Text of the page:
2013. We received two comments by that date, from the Government of 
Malaysia and a private citizen. One commenter was supportive of the 
rule. The other commenter expressed concern regarding the requirement 
for cutting a sample of starfruit to determine freedom from 
Cryptophlebia spp. Specifically, the commenter asked how the fruit 
would be kept fresh after being cut open. Only a small, representative 
sample of each consignment of starfruit from Malaysia would be cut 
open. Those fruits would be discarded after cutting and not offered for 
export or sale. If a single live Cryptophlebia spp. moth is found 
during sampling, the entire consignment of fruit will be prohibited 
importation into the United States and a notice of non-compliance will 
be issued to the NPPO of Malaysia.
    Therefore, for the reasons given in the proposed rule and in this 
document, we are adopting the proposed rule as a final rule, without 
change.

    Note: In our May 2013 proposed rule, we proposed to add the 
conditions governing the importation of jackfruit, pineapple, and 
starfruit from Malaysia as Sec.  319.56-59. In this final rule, 
those conditions are added as Sec.  319.56-65.

Executive Order 12866 and Regulatory Flexibility Act

    This final rule has been determined to be not significant for the 
purposes of Executive Order 12866 and, therefore, has not been reviewed 
by the Office of Management and Budget.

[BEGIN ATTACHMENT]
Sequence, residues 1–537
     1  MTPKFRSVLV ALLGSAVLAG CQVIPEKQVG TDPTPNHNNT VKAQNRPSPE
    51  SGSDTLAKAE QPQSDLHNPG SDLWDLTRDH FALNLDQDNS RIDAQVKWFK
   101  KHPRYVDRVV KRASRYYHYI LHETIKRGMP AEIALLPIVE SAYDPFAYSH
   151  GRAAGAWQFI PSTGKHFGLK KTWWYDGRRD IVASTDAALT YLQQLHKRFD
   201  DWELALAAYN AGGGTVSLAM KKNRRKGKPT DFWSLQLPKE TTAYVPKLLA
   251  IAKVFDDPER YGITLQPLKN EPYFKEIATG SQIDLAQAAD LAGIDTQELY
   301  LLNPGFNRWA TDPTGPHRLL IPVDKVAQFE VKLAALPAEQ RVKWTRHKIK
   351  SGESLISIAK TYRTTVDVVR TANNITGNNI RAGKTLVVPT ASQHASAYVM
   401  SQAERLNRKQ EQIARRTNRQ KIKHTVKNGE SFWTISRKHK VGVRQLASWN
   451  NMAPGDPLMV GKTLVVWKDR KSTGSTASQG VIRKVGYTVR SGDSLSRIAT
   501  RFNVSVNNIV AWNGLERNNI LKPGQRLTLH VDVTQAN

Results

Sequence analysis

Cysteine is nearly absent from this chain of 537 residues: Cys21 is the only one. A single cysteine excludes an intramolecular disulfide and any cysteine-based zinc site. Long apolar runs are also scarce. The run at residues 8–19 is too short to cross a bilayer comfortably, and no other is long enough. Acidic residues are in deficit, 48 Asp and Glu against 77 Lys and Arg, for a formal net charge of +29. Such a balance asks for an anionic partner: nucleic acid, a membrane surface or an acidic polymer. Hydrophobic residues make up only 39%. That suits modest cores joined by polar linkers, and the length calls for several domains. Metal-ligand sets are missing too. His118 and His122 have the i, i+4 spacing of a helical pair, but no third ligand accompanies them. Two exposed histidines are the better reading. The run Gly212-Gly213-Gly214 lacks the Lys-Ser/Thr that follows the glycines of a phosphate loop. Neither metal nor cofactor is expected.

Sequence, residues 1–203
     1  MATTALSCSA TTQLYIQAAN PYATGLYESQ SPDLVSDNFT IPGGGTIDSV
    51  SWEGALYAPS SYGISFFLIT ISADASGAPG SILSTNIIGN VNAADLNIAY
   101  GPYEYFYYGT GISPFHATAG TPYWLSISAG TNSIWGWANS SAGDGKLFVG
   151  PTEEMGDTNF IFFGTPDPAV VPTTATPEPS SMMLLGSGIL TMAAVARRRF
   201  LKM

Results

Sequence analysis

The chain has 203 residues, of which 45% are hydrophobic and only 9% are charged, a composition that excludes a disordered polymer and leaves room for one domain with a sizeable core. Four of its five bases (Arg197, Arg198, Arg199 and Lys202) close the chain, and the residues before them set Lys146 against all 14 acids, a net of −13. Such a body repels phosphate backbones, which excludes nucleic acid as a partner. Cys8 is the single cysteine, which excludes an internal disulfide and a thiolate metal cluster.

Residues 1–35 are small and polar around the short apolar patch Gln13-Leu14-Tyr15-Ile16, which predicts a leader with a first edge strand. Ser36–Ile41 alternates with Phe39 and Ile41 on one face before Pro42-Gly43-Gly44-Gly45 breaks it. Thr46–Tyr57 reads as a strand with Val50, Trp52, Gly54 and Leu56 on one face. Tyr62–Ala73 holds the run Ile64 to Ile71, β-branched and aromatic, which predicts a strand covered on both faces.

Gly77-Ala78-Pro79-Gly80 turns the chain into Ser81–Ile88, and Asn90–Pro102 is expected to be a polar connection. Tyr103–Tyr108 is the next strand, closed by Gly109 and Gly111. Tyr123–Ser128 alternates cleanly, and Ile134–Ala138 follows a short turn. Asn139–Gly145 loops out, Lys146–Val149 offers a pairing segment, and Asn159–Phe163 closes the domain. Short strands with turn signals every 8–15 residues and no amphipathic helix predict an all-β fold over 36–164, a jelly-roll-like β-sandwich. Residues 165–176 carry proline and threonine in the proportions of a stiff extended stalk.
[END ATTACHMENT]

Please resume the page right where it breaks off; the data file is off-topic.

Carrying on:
In accordance with the Regulatory Flexibility Act, we have analyzed 
the potential economic effects of this action on small entities. The 
analysis is summarized below. Copies of the full analysis are available 
on the Regulations.gov Web site (see footnote 1 in this document for a 
link to Regulations.gov) or by contacting the person listed under FOR 
FURTHER INFORMATION CONTACT.
    APHIS is amending the fruits and vegetables regulations to allow 
imports of fresh jackfruit, pineapple, and starfruit with stems from 
Malaysia into the continental United States under certain phytosanitary 
requirements. The United States is a net importer of tropical fruits in 
general and pineapple in particular. Domestically, these fruits can 
only grow in limited numbers in greenhouses or in the State of Hawaii. 
In 2006 (the most recent year for which data are available), U.S. 
production of pineapples (i.e., in Hawaii) was 188,000 metric tons.